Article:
|If I'm interpreting your plot correctly, your twist here, and it's a fun one, is that the person the narrator assumed was a guy all these years is actually a girl. With your choice of words and phrases here (the fake smile, etc.), you do a great job of conveying the narrator's continuing annoyance with Jason, which makes what finally happens logical and believable.
At first I thought the other kid's name was Jason, which would have fit the story line, since Jason could be a girl's name. But the last sentence suggests something else, that the narrator had simply been mistaken about the kid's name all along. If that's true, I was left wondering why "Jason" wouldn't have said something to her about it at some point during the five years they've been acquainted. In any case, I was left a little confused about what's going on here.
I love how you kept the story moving right along with the dialogue and tone, a really enjoyable read.
As it happens, I wrote something a little like this a few years ago. I called it "Out," and here it is, from my Writing.com portfolio, in case you'd like to take a peek:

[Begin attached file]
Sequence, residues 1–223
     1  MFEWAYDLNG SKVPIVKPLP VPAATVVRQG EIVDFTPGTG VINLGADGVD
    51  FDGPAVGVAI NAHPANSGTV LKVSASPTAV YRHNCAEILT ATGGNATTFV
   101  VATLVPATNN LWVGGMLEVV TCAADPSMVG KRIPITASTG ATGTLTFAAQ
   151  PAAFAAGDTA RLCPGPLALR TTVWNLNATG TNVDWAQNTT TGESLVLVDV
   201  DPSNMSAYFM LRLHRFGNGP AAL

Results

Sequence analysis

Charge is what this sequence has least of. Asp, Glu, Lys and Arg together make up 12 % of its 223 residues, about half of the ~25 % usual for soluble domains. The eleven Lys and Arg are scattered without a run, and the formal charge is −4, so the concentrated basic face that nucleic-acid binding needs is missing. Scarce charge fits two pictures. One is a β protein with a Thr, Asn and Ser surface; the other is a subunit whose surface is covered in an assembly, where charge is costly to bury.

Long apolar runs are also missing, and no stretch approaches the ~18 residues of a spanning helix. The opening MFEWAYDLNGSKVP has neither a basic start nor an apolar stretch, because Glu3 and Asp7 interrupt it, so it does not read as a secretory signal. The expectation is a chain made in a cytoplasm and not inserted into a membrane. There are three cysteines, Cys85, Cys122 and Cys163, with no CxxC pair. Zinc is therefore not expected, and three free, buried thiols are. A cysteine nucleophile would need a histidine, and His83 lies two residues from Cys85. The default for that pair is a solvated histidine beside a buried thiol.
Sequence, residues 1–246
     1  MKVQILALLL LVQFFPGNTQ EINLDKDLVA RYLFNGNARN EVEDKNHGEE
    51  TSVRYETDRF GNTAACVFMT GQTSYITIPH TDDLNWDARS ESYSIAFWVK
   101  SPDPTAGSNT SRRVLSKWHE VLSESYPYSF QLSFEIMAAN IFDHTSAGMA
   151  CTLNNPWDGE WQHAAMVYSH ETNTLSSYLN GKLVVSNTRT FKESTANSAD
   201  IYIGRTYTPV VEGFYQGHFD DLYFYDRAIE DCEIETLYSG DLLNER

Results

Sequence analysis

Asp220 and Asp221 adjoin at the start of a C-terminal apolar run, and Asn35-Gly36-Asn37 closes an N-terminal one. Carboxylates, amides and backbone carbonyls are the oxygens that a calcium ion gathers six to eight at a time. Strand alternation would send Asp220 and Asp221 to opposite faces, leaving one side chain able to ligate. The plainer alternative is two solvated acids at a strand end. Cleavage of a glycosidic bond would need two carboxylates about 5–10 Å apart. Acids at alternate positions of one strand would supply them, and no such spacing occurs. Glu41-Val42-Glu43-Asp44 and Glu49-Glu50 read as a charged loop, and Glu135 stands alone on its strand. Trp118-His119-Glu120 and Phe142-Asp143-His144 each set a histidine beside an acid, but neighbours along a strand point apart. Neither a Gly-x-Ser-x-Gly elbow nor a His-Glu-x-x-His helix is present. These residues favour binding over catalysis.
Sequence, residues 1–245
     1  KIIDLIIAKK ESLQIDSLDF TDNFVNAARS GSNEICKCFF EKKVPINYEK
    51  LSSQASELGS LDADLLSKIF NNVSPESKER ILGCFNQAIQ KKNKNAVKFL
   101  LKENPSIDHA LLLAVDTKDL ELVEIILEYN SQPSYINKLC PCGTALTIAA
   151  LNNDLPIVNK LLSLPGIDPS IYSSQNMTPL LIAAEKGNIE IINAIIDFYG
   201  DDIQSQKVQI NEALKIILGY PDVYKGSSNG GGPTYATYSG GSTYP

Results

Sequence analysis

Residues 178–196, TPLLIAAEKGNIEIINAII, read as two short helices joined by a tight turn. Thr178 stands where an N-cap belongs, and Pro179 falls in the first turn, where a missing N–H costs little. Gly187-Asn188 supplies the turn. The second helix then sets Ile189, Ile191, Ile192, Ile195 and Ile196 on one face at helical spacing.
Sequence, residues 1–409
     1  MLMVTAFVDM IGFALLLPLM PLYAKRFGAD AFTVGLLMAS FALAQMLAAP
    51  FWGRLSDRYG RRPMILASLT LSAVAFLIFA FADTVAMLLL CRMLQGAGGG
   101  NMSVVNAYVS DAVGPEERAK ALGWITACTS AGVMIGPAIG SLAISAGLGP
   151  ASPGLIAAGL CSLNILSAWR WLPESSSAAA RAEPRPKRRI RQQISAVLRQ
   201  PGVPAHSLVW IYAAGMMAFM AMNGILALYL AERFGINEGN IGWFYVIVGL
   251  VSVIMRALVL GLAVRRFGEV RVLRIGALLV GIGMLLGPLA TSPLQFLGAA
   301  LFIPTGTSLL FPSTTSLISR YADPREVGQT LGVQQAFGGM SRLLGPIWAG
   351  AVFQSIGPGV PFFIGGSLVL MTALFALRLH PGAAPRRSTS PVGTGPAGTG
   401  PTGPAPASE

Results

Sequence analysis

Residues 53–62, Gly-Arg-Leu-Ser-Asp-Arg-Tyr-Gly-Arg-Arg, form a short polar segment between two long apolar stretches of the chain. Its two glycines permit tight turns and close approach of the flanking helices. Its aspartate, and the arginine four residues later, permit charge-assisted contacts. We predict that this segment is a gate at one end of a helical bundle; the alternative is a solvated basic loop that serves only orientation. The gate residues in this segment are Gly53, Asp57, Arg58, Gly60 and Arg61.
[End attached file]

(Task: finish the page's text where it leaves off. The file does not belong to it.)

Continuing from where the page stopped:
I wanted to keep playing. Jeez, I was two for three at the plate already, blocked about a million wild pitches from that crazy Kulisek, who shouldn’t even be allowed on the mound, he’s going to kill somebody, I swear. But my mom said to be home by three, write the thank-you note to my grandmother, it’s so overdue it’s embarrassing, blah blah blah. Don’t you get a year or something? I heard my mom and dad say once that you get a year for wedding presents. Why not the same for birthdays?
I nail some idiot at the plate to end the inning. Trying to score from third when he thought one of Kulisek’s fancy curve balls was heading for Mars. Sorry, pal. Holding the ball, I plant my bare hand on his trunk as he starts to slide under me. Close, but out. Out, out, out.
“I’ve gotta go,” I tell Kulisek as we head off the field.
“What’re you talkin’ about? Go where?”
“My mom wants me home by three.”
Kulisek is pissed. “You can’t go. Last inning, down by a run, you’re up third. You’re hot. We get somebody on ahead of you and you poke one out, we win. You gotta stay.” Kulisek is so mad his face is on fire. Who cares? He’s always mad. That’s why I never hit against him. He’d probably kill me.
I pull off my catcher’s mask, dump it with the mitts and bats in the dust by the bench. “I’ve gotta go,” I tell everyone.
“’Whaddya have to catch up on your beauty sleep?” sneers Kulisek. What a jerk.
“I’m outta here,” I tell him.
As I leave, I hear Kulisek say, “Forget it. Somebody else can catch.”
I hear Freck say, “Not like she can.”